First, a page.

The Philosophy of Science

  • Jan Wolenski
Part of the Synthese Library book series (SYLI, volume 198)


Methodological problems (I shall use ‘methodology of science’ alternatively with ‘philosophy of science’) ranked as most important in the opinion of the Lvov—Warsaw School. This was due to the immense prestige of science in the School. There were also great expectations that the methodology of sciences would make philosophy more scientific. That was why problems in the philosophy of sciences were very willingly taken up — from the very elementary (the concept and types of reasoning) to the much advanced ones (probabilistic logic and its applications in quantum mechanics). The works of the School in the philosophy of science were quantitatively immense, probably greater than those in other branches of philosophy, and its systematization and presentation would require a separate monograph. My intention is to report on those methodological studies which help one to acquire orientation to the views of the Lvov—Warsaw School on the essential issues in the philosophy of science: reasoning, induction, probability, and justification.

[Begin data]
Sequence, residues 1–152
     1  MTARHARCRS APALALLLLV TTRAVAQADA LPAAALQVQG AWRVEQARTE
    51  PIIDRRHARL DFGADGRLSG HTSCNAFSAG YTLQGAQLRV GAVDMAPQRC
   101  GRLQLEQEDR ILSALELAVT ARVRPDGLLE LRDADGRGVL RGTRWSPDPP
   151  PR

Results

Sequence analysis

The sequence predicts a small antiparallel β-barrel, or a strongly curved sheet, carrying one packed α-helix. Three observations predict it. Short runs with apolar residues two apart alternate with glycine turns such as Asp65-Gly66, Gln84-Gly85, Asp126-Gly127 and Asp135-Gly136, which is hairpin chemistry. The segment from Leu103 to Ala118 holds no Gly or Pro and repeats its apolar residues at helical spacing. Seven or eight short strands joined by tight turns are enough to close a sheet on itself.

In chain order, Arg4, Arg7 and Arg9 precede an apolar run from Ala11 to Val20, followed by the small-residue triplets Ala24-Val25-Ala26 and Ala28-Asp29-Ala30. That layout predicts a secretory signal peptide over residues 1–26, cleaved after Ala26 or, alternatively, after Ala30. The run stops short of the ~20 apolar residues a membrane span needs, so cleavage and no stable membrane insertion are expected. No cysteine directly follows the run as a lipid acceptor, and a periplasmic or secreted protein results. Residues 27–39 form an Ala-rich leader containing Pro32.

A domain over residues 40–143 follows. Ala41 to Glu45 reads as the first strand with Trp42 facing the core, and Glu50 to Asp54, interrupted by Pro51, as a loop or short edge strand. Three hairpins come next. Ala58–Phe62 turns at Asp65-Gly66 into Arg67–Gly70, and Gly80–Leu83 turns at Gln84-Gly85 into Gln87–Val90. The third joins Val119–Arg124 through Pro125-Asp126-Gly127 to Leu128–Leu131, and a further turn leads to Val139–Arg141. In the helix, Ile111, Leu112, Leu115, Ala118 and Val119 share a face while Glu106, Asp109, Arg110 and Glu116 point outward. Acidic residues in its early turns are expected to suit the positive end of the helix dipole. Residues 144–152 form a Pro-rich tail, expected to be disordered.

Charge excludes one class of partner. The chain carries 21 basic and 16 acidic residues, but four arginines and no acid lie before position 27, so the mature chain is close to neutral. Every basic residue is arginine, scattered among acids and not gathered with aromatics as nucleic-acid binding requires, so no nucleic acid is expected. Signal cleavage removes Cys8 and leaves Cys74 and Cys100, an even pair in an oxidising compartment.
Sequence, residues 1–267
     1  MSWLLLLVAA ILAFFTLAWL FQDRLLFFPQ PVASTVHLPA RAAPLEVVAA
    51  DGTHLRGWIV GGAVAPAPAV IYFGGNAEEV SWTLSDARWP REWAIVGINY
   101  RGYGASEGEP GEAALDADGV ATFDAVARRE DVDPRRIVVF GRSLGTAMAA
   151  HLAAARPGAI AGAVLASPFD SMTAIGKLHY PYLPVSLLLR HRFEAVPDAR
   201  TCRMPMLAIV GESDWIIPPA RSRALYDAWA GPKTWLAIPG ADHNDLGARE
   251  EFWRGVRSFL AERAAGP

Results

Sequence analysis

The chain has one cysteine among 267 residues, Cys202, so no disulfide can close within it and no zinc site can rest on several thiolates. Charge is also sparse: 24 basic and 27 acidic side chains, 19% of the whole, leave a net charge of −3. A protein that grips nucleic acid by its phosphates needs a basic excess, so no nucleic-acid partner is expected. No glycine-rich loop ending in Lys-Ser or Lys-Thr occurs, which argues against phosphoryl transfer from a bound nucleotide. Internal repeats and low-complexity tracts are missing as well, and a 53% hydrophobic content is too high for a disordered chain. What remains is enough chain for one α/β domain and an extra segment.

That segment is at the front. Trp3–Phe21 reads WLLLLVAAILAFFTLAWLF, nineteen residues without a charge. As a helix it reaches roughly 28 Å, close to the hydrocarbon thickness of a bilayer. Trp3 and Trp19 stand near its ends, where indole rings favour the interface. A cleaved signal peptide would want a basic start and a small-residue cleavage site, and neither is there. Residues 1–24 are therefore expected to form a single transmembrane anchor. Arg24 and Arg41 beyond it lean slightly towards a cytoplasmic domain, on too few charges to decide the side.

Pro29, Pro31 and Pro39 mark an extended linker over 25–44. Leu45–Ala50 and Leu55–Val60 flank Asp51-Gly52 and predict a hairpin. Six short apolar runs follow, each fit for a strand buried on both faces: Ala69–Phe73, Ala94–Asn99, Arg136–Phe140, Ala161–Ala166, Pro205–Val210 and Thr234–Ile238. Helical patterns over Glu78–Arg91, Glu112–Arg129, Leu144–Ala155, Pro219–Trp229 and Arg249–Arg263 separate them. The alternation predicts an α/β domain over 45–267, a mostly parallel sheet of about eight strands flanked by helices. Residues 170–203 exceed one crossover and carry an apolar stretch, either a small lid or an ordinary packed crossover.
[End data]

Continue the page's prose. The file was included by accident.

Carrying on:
Logical Probability Empirical Science Empirical Theory Primitive Concept Axiomatic Method 
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Copyright information

© Kluwer Academic Publishers 1989

Authors and Affiliations

  • Jan Wolenski
    • 1
  1. 1.The Jagiellonian UniversityKrakówPoland

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